He had left the room

He had left the room; but, his echoes prevailed, reflecting and re-reflecting from every bit of live surface.

The physical vacancy never felt empty, rather, felt like a celebration of memories. His songs, like my childhood’s lingering scent, are inescapable; they are within me and not stored remotely in some static binary form. Each Pallavi of his, ingrained in those plastic neurons of mine, characterize and make me part of an army of the influenced.

It does sound overt, doesn’t it!

I had met him once; a heavy set, ebullient man, full of life, eager to impress. I just met him for a few seconds. I never “knew” him in the strictest sense of the word; I knew his voice: the way he smirked, romanced, cried; all through those famed vocal cords. I had wanted to say how he had made my otherwise tedious childhood remarkable, never possessed the language to communicate that; I don’t think I am doing it right even now.

There is something miraculous about his voice; through it, I sense god mocking the pessimists.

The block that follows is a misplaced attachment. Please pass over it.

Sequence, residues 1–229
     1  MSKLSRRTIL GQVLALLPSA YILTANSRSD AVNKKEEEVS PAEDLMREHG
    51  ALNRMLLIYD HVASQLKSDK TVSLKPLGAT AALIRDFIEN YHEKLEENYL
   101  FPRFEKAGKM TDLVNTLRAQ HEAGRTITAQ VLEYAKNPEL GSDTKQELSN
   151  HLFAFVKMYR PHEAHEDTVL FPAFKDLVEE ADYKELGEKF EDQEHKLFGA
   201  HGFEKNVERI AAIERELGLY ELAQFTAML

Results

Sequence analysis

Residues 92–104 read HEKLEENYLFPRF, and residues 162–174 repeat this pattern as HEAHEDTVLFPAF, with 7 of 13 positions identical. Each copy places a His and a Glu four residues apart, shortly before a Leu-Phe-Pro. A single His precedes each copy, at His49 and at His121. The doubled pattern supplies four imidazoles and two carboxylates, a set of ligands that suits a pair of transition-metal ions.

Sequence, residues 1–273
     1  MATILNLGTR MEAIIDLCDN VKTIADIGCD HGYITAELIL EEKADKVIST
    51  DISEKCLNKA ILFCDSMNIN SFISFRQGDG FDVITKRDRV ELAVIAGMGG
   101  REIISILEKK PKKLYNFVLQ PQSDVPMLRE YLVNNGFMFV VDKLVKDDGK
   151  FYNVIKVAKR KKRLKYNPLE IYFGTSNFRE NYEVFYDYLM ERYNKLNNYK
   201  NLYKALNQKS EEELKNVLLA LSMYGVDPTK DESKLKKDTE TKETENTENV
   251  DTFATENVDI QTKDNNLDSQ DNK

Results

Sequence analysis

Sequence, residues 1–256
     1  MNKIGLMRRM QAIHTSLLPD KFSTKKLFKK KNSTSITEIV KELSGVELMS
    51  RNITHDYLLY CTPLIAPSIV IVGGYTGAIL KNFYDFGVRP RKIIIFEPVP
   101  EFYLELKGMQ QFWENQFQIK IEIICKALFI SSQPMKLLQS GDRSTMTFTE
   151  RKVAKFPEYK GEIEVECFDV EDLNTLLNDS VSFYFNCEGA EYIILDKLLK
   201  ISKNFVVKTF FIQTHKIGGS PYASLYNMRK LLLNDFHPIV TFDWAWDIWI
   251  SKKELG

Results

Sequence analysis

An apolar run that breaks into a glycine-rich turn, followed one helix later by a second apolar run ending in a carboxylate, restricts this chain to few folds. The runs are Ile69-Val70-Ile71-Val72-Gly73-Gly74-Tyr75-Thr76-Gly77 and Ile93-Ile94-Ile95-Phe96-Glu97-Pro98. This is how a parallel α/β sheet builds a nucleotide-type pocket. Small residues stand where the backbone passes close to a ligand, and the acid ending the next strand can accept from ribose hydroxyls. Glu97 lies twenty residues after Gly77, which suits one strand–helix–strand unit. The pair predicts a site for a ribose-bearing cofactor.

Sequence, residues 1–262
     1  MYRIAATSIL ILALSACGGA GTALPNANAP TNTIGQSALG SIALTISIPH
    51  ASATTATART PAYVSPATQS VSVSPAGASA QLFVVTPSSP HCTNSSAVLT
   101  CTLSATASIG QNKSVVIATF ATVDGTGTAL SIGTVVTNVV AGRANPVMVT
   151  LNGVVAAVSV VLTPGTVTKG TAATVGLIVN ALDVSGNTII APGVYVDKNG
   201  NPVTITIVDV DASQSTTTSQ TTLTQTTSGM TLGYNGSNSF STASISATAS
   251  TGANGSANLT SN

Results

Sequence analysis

The verse in sippirukkudhu muthumirukkudhu, “sandhangal Neeyaanaal sangeedham naanaaven,” might have been written with a romantic intention, but I feel it has a more general relevance today. As the lyricist says, Balu sir would fill us up with a song, his voice—if we agree to be the poetic meter.

We are, but receptacles, art, and artists fill us up. We are the things we enjoy and cherish. His voice and songs have defined us and will continue to underline many more lives. Mohd Rafi breathed his last when I was two, yet his songs have influenced me. Our man might have left the building, but his echoes will decorate many more lives—the born and even the to be.

He isn’t there but he is. The room is vacant, but full

Alvidha sir; thanks for leaving a part of you with me…